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spirit of the law. Pending a positive diagnosis, a suspicious case should be regarded as a probable case, and physician and health authorities should cooperate in its control for the protection of the public. The feeling is growing that in the past we have been too lenient with those who are either indifferent to the common welfare, or incompetent. “Malpractice ’’ is an ugly word; yet there is serious question whether the members of the family of a typhoid patient, contracting the disease through contact with him, have not a legal grievance against the attending physician, if he has failed to advise and offer protective inoculation. The responsibility of the health officer is equally great. In municipalities blessed with efficient and intelligent health officials, there is usually little cause for complaint regarding the attitude of the practising physicians. The health officer who cooperates receives cooperation. While inefficiency on the part of this official does not absolve the physician from his legal obligations, it is not surprising if the spirit of cooperation does not prevail where the health officer is habitually discourteous, and where, when cases are reported, nothing happens. . In practically every instance when a typhoid case is reported, the health officer, or a qualified representative, should visit the household and not only perform the routine duties incidental to the situation, but conduct a searching investigation to ascertain the source of the infection and prevent its becoming the source of other cases. From the study of a large number of report cards received from health officers, and at times from comparison of the data thus submitted with the actual facts obtained through subsequent investigation, it is apparent that in all too many instances investigations are superficial and the data submitted unreliable. Often the source of infection cannot be definitely determined until the date of onset is known and the probable date of infection estimated therefrom. Yet it is commonly found that the date given as that of onset is actually the date when the physician was called, or when the temperature reached its greatest height, rather than that of the actual beginning of the illness a week or two before. Sources of infection are recorded as “unknown,” “imported,” “flies,” or even “an open cesspool.” “Well water ’’ appears frequently, notwithstanding the fact that it is now generally known that wells are only sources of infection when they are receiving discharges from a typhoid case or carrier, in which event the investigation is not complete until the case or carrier has been located. Years of education will be required before typhoid fever will be eliminated as a national scourge. This education will proceed by leaps and bounds when the thousands of men now in the service of the country, who have learned that typhoid is prevented when there is mutual cooperation, have returned to their homes. They will have little sympathy with the ignorance and inefficiency which permits a preventable scourge to go uncontrolled.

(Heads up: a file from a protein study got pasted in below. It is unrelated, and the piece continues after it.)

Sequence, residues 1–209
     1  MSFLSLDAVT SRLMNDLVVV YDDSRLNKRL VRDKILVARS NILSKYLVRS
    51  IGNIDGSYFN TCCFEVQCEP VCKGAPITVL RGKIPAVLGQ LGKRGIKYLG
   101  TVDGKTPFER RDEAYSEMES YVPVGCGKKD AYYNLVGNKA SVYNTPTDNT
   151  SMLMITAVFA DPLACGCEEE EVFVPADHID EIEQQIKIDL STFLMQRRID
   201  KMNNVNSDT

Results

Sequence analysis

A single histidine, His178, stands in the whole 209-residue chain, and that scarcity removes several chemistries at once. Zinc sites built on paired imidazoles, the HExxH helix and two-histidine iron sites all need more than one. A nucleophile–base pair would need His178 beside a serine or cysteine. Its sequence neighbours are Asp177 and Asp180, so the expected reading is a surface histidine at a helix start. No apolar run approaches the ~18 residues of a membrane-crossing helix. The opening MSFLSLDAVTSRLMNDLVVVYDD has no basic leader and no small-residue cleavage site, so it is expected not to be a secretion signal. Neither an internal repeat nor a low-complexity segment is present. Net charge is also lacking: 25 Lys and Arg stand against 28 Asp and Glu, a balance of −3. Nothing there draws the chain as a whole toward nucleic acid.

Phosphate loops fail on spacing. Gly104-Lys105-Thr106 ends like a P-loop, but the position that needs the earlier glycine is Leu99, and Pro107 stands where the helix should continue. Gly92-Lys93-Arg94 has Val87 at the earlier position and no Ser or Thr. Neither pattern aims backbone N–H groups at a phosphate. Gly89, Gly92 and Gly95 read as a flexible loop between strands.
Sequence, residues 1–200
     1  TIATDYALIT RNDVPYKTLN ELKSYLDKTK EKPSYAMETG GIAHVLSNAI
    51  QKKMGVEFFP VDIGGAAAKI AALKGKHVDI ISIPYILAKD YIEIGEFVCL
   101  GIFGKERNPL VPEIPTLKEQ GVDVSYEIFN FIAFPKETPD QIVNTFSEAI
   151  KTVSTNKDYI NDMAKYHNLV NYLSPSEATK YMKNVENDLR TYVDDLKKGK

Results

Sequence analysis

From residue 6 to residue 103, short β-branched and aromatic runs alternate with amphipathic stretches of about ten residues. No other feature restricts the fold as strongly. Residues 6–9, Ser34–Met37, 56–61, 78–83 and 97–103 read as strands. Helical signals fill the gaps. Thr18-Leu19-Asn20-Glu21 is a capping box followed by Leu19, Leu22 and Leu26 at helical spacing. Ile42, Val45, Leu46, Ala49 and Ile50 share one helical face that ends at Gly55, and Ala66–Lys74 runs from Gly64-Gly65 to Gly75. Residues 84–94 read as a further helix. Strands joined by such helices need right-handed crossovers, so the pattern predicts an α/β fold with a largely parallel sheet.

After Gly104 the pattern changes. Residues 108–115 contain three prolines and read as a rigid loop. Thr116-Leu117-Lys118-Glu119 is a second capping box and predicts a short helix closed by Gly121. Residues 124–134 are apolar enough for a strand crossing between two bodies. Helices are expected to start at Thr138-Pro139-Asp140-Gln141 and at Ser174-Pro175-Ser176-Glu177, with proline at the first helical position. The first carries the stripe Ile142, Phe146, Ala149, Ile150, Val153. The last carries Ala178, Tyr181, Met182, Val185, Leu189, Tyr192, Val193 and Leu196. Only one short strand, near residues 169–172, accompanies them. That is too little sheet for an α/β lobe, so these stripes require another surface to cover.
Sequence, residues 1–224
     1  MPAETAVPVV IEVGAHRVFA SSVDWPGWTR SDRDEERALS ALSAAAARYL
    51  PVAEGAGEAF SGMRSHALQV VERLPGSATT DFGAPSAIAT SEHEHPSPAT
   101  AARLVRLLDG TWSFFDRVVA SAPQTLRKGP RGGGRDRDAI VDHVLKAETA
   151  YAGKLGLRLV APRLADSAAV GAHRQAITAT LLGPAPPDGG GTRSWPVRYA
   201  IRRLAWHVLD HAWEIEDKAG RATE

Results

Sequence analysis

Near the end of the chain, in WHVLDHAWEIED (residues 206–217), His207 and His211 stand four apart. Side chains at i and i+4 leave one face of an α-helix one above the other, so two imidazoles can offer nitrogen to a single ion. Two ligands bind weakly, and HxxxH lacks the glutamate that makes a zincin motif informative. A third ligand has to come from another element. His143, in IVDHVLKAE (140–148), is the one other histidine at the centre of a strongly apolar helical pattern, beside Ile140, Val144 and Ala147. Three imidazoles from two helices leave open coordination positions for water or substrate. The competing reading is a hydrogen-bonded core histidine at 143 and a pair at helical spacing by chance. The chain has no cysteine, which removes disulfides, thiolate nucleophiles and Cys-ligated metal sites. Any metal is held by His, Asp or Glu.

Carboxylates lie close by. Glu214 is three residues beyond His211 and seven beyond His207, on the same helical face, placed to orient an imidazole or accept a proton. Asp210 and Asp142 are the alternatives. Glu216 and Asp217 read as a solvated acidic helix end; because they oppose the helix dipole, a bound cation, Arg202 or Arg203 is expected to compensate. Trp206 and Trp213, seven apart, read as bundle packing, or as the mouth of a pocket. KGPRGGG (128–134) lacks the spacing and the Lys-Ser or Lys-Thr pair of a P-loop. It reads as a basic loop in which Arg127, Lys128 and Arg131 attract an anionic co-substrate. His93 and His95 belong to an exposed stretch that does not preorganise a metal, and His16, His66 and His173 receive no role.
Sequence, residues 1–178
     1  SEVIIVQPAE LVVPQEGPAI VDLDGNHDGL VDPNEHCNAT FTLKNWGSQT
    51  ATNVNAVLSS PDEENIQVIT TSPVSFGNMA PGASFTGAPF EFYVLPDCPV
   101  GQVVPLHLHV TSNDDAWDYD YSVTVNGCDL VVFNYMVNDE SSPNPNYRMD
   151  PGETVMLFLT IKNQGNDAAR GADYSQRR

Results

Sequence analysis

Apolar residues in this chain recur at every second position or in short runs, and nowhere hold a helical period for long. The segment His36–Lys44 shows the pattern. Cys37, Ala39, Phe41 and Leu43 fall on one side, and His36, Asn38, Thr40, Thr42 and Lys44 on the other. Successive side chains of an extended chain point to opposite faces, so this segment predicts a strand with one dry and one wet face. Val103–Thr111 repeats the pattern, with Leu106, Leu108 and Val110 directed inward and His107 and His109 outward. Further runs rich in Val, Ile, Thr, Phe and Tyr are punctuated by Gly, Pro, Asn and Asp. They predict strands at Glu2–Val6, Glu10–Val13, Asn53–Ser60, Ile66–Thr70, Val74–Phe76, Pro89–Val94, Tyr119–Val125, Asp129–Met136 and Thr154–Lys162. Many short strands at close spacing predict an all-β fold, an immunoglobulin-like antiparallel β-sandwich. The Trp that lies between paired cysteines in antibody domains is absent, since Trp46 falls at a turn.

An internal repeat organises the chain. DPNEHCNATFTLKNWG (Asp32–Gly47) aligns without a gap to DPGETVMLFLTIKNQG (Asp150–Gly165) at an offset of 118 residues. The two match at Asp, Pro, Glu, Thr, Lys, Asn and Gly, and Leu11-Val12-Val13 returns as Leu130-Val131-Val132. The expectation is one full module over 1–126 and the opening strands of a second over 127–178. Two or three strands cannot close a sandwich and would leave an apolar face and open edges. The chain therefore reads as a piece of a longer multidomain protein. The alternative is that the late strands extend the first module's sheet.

Analysis of statistics relative to typhoid fever
For the seventh successive year there was a decline in the State's typhoid death rate and contrary to previous years this was despite a small increase in the rate for New York city.
ANNUAL CASE AND DEATH RATES PER 100,000 POPULATION FOR TYPHOID FEVER, 1908–1917, FOR ENTIRE STATE, NEw York CITY AND REST OF STATE